I’m a sucker for any book with book recommendations built into it. The Garden of the Plynck is now firmly on my ever-growing book wishlist. Thanks Theodore Sturgeon!

Final thoughts: A Good book! Read it!


Caves of Steel

I also read Caves of Steel by Isaac Asimov. One of my professors told me she had a theory that when it comes to genre fiction you’re either a mystery person or a speculative person, which rang a little hollow for me. When someone recommended Caves of Steel as a novel which is both very classically sf, and very classically detective-y, it felt like a great addition to the quest this summer, since I’m interested in flexing my genre reading muscles a little bit, and also because I’ve found Asimov’s robot stories to be really enjoyable in the past.

As the book opened and laid out the problem, I thought “wow, this has a lot of potential!” and by the end of the book, I was thinking “wow, this has a lot of potential!” I fond the approach quite compelling, using a murder as a window into a cultural clash between the City dwellers of earth and the delegates from the independent colonized “Outer Worlds.” The problems of overpopulation and (in true Asimovian fashion) human/robot relations were also important. The novel has a satisfying Hercule Poirot in the parlor moment, where a seemingly minor detail makes the whole case come together, and it has some satisfying philosophical explorations, so ultimately the sf and mystery elements both succeed somewhat.

However, the novel has several flaws that hold it back. Some of these might have to do with its sf/mystery two flavor swirl, but I think mostly they’re on account of the mediocre writing.

I’ll admit I’m not much of an expert reader when it comes to the mystery genre, but one of the elements I like in mysteries I’ve read is that you get these occasional musings about the nature of human motivations, relationships, etc. These are appropriate to a mystery when an understanding of human nature can be a great tool for a literary detective. In Caves of Steel it felt like these deeply individualistic, human moments were replaced with the kind of large-scale “fate of humanity as a collective entity” questions that Golden Age science fiction is all about. Our detective’s musings lead him not to a deeper understanding of the motivations and human dynamics behind the case, but to ideas about how to solve humanity’s problems, which are tangential to the novel.

Plus, both genres risk feeling a little bit contrived when not handled correctly, and in the hands of a clumsy writer, they risk compounding each other’s weaknesses. Unfortunately, Asimov’s writing here is clumsy. A global population of 8 billion (a thousand years in the future, to boot) has led to changes so extreme that nobody’s ever heard of a window and the idea of a New Yorker going outside is so unbelievable that the detective proposes two embarrassingly outlandish conspiracy theories rather than even consider it. Considering we’re almost at that point now, the figure unfortunately dates the book quite a bit, and the transformation of Earth is just a little too extreme to be taken seriously. The fact that this plays a significant role in the detective’s logic leads to the red herring solutions (and even the final result) feeling just as outlandish.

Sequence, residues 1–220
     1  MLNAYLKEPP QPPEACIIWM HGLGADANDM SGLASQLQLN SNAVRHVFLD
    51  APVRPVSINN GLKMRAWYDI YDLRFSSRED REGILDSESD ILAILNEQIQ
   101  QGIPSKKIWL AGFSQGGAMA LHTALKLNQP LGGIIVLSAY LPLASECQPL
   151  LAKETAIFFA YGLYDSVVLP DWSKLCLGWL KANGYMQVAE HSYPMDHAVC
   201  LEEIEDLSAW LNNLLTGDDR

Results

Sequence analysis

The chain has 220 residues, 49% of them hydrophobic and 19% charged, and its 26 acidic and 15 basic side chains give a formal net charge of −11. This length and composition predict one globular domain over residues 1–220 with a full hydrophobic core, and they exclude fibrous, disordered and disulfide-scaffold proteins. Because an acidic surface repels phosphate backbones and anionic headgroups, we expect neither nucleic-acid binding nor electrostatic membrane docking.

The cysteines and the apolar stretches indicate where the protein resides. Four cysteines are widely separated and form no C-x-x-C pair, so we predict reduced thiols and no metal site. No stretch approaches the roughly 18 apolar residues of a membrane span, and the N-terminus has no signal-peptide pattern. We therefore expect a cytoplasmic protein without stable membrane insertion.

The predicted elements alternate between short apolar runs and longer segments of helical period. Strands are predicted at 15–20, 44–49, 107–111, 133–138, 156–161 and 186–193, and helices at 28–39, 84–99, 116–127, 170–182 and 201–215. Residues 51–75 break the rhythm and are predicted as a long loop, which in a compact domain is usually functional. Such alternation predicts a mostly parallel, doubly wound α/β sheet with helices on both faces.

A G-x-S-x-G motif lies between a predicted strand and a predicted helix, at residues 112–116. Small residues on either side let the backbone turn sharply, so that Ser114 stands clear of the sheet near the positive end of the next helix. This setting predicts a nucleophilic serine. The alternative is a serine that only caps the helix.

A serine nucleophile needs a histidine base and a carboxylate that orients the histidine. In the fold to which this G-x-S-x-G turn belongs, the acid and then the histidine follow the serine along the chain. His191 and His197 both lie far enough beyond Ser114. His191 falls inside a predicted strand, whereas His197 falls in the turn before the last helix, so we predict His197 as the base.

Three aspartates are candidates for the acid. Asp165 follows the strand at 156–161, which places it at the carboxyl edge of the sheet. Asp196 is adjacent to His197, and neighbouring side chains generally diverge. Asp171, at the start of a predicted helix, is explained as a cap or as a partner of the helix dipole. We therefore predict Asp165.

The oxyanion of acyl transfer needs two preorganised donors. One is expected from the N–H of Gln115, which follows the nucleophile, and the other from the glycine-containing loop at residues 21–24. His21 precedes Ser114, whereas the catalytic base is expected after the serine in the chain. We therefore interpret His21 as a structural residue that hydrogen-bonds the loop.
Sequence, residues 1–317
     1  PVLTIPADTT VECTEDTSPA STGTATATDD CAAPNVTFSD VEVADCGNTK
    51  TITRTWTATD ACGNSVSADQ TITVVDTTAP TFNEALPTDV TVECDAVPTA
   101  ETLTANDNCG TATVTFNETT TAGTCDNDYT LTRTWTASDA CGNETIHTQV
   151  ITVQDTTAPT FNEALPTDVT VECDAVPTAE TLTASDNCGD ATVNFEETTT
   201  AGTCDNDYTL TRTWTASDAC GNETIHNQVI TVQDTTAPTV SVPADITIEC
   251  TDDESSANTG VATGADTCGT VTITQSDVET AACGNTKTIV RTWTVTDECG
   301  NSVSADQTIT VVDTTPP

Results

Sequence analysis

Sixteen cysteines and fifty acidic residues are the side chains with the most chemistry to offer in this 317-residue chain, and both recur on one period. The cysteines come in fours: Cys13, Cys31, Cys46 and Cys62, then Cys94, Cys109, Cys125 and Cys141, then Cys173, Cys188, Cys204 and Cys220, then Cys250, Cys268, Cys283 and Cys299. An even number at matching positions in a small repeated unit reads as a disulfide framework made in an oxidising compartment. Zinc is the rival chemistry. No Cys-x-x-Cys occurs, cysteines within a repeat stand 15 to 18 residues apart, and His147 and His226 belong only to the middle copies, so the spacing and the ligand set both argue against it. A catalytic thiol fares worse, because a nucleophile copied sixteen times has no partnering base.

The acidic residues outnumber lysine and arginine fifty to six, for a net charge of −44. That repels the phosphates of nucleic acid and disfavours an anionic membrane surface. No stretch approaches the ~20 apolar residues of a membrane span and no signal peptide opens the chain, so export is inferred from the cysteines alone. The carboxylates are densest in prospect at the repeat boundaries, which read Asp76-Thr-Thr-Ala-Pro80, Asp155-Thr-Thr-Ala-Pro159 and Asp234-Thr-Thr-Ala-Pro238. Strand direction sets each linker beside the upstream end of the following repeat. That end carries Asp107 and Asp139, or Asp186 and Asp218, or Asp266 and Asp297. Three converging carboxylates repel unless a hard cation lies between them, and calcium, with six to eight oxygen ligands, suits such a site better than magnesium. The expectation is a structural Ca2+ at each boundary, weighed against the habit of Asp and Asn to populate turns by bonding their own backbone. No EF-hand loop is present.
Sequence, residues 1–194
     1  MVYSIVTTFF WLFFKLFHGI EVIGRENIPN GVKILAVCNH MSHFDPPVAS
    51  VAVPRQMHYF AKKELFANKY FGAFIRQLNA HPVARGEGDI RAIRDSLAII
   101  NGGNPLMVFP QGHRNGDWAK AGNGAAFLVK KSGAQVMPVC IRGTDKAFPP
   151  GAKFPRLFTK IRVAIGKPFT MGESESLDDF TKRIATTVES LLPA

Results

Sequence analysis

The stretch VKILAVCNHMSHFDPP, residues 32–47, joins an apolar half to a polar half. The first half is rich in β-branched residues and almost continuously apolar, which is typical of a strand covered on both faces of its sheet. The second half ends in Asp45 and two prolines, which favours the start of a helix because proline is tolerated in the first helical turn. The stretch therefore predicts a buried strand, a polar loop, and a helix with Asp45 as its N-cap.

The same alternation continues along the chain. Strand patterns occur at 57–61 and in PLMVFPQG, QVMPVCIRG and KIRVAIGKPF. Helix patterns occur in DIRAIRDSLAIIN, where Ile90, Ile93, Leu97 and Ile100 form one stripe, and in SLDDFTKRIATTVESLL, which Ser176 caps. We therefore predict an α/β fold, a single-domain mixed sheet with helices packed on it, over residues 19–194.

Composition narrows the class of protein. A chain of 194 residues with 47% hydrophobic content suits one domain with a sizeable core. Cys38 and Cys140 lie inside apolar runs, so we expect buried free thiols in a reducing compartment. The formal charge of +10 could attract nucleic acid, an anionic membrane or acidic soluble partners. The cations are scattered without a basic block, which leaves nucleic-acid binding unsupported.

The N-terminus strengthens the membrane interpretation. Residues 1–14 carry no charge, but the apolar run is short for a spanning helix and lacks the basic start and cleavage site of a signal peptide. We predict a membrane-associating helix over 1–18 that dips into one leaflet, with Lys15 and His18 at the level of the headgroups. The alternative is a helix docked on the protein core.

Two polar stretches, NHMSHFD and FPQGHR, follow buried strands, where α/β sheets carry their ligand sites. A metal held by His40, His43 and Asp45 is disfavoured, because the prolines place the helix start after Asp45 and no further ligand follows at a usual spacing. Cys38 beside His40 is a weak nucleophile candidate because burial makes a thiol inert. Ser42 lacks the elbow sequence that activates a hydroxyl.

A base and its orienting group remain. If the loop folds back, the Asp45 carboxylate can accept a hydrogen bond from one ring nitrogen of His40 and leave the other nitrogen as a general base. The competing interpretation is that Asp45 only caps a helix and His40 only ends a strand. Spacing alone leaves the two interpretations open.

More significantly, though, is the fact that the dialogue—whether it be the exaggerated, emotionless Mr. Spock statements of the robot, the fact that the cop’s teenage son starts every sentence with “gee whiz,” or the embarrassingly sexist treatment of his wife, Jessie—is flat and cartoonish. Speaking of Jessie, some of the most compelling moments centered around her, but overall, she’s hysterical, superficial and petty, and a major failure when it comes to the portrayal of women in science fiction.

Overall, I appreciate this book for what it does with genre, and despite my frustrations, I was satisfied and engaged for the most part. I just wish it had been executed much better.


I also read The Neverending Story, by Michael Ende, but that is another review, and it shall be posted another time…



Leave a Reply

Fill in your details below or click an icon to log in: Logo

You are commenting using your account. Log Out /  Change )

Google+ photo

You are commenting using your Google+ account. Log Out /  Change )

Twitter picture

You are commenting using your Twitter account. Log Out /  Change )

Facebook photo

You are commenting using your Facebook account. Log Out /  Change )


Connecting to %s